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Naomi Azrieli is chair and CEO of the Azrieli Foundation and chair of Brain Canada

Fifty years ago, when someone was diagnosed with cancer, it was often an automatic death sentence. Likewise at that time, a heart attack was met with the attitude that the patient should be made comfortable, but not expect to survive for long. Thankfully, we have seen how scientific research has influenced the treatment and outcomes of both cancer and heart disease.

Today, the burden of brain disease – medically, financially and emotionally – has surpassed that of cancer and heart disease combined. One in three Canadians is directly affected by a brain disorder. These are diseases that demand a lifelong commitment.

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My brother and two other members of my extended family have Fragile X syndrome, the most common inherited cause of intellectual disability and the most common known cause of autism. Having members of our family with a brain disorder has opened my eyes to the desperate need for more research, and also to exciting developments in Canadian brain science and ways to support it.

In order to understand and treat the complexities of brain health, be it Alzheimer's or addiction, concussion or schizophrenia, stroke or autism, there are three priorities: to provide ample opportunities for scientists, to secure continuing funding from government and to enlist the support of non-governmental donors such as foundations, corporations and individuals. This is how we will ensure that scientists continue to excel and do world-class research.

I am not a scientist, nor am I able to decide where government money should be directed. But as chair and CEO of the Azrieli Foundation, I have thought long and hard about the most effective way to invest in this area, often called the final frontier of scientific research.

In this search, I have come to share the vision of Brain Canada, a foundation that supports scientists and researchers to understand the brain, both in health and illness, and thereby improve lives and influence society. Brain Canada believes that it is important for the public to have a direct voice in shaping brain research priorities, with researchers free to present their best ideas to tackle the areas with the greatest potential.

Brain Canada has made the case for approaching the brain as a single, complex system, rather than treating the range of brain disorders as somehow disconnected. This approach resonated with me. My brother, after all, is more than the sum of his parts, and more than a collection of disconnected neurological functions.

Six years ago, the federal government entered into a collaborative partnership with Brain Canada, providing $100-million to create the Canada Brain Research Fund (CBRF). Brain Canada's network of partners, sponsors and donors doubled the funding provided by the federal government, matching it on a 1:1 basis, thereby injecting $200-million into Canadian brain research.

A key to Brain Canada's success in bringing new funds into the brain-research ecosystem lies in the rigour of the organization's scientific review process, which gives donors and partners a trusted mechanism to ensure projects are chosen on the basis of excellence and innovation – from basic research to applied research leading to treatments. Another important aspect is the support of research teams, encouraging scientists from different institutions and with different approaches to collaborate and work together, breaking down silos and disseminating new ideas.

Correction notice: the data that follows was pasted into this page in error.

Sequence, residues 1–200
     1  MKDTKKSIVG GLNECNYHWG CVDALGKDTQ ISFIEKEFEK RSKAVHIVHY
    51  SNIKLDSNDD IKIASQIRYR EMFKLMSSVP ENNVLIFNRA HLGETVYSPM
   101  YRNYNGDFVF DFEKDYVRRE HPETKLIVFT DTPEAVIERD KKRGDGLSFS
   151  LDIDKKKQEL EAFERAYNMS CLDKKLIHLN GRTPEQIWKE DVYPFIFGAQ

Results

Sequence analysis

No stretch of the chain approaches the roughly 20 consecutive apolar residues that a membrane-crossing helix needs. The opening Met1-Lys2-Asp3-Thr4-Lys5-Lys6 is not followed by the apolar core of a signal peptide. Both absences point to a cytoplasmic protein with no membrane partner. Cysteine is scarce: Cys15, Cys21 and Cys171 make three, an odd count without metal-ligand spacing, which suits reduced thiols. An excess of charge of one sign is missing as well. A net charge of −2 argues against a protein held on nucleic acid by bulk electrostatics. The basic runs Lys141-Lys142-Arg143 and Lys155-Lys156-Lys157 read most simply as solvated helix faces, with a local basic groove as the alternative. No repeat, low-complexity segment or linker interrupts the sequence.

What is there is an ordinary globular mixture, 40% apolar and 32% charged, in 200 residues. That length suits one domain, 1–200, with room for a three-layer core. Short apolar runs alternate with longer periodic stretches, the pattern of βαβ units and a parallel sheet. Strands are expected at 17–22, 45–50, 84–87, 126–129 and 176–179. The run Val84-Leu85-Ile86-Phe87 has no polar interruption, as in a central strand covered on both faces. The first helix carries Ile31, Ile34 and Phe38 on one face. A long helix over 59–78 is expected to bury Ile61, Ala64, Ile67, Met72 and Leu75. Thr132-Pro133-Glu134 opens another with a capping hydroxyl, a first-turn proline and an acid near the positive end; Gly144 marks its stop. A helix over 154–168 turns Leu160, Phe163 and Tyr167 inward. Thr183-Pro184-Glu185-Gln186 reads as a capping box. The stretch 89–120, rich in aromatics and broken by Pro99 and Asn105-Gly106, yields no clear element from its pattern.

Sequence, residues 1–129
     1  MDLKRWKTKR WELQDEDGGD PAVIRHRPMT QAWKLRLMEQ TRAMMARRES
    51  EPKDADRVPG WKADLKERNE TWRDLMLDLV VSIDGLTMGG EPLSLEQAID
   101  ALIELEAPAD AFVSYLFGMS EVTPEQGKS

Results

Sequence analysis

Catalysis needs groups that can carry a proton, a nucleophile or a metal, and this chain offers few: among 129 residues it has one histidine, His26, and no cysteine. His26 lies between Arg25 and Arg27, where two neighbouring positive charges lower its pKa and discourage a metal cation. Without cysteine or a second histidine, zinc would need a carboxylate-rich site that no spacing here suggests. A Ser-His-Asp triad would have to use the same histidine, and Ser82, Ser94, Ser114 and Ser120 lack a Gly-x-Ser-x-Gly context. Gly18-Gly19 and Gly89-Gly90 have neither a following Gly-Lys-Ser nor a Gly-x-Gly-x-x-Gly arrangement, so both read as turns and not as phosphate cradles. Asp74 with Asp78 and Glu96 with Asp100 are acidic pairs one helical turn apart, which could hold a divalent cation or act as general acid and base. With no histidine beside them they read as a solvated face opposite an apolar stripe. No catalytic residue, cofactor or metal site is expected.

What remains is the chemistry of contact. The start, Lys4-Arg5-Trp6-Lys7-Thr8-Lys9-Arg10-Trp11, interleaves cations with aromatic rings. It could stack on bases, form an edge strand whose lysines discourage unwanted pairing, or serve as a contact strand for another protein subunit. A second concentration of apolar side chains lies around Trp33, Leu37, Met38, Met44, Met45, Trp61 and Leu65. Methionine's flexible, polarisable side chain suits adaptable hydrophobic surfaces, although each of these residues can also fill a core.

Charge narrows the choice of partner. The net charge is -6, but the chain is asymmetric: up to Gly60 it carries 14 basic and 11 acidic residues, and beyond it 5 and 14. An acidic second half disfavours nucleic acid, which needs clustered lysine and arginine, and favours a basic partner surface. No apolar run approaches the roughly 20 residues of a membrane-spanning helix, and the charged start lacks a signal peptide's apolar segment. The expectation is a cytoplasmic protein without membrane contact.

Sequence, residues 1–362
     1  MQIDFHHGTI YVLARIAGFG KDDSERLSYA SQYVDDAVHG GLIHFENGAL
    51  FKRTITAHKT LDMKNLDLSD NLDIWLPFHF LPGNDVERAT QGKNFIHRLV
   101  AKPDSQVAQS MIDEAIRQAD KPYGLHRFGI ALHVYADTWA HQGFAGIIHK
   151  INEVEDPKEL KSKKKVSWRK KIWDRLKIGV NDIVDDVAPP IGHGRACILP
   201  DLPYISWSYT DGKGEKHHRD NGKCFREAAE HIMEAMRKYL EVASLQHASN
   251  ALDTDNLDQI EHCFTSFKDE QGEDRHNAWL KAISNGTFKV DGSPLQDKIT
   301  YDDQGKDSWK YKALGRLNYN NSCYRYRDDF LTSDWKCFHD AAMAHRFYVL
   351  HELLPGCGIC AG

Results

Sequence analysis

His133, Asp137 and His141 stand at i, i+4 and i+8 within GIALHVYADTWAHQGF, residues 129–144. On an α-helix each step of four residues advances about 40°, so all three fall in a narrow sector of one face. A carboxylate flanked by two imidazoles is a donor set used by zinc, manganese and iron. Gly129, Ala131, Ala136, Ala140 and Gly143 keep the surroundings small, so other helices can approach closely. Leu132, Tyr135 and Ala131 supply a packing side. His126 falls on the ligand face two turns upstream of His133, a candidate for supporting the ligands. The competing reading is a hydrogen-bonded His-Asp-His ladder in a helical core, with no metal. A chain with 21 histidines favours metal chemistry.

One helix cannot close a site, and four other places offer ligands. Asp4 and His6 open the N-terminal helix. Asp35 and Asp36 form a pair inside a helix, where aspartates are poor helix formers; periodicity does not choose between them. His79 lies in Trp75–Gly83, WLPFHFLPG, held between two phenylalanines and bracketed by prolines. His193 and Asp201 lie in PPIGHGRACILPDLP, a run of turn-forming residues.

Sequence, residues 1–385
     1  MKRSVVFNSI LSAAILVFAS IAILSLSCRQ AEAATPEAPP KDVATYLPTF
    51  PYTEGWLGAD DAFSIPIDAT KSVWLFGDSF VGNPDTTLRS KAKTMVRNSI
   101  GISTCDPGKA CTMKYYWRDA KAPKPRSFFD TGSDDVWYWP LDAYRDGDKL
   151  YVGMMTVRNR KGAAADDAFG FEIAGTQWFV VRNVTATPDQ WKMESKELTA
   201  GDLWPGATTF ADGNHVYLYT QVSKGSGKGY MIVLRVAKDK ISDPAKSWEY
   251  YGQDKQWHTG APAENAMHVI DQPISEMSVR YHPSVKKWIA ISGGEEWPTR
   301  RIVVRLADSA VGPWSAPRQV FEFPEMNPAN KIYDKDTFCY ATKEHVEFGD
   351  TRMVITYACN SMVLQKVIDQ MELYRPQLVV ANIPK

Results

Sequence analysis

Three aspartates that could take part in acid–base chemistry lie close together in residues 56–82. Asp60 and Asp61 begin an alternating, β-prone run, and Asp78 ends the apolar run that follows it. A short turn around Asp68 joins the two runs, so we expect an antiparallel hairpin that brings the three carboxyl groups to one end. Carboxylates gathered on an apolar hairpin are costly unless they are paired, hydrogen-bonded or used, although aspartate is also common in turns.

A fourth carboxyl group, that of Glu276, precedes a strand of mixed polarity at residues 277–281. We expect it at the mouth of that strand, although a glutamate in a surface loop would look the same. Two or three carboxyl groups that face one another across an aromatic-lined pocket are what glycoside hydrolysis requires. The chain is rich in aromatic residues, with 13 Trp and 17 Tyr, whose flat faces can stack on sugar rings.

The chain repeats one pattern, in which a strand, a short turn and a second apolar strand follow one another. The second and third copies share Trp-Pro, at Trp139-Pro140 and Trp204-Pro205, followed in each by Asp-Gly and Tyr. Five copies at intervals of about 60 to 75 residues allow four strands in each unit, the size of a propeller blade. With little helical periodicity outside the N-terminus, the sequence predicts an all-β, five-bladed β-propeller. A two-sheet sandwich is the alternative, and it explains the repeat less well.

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Our foundation partnered with Brain Canada to create the Azrieli Neurodevelopmental Research Program. The goal is to develop new diagnostics and treatments and to improve the quality of life for those affected by neurodevelopmental disorders and their families. In collaboration with Brain Canada, we have funded seven exciting high-potential projects. (Indeed, we were thrilled that The Globe and Mail featured one such project, led by Evdokia Anagnostou).

The researchers we are co-funding with Brain Canada have already made important discoveries. One group has found promising evidence that an FDA-approved oral diabetes medication can correct behaviours and structural defects in Fragile X syndrome. Other groups are working on identifying ways to predict and diagnose autism as soon as possible, which can enable earlier intervention and a better quality of life for children and their families. Taken together, the work of the teams we fund and of the many other excellent researchers promises to transform our understanding.

By strategically leveraging government funding with private donor and partner support, and thereby providing funds that would otherwise not be available to Canadian scientists, Brain Canada's model has been a powerful catalyst towards great research. Nearly two years ago, the government acknowledged this success, by adding $20-million to the CBRF. Yet Canadians affected by brain disorders know that more is needed, and look forward to further support from the government. We also know that although such investments are crucial, world-class brain research concerns all of us and governments should not carry the burden alone. Private and charitable partners have a responsibility to contribute and a role to play.

Canadian researchers can be proud of the significant advances they have made into the workings of the brain, yet so much remains to be discovered. We know that the brain is interconnected, and insights into one disease may illuminate issues in other diseases. In the same vein, private funding of brain research must be interconnected with government support, enabling scientists – our modern-day pioneers – to conquer the final frontier.

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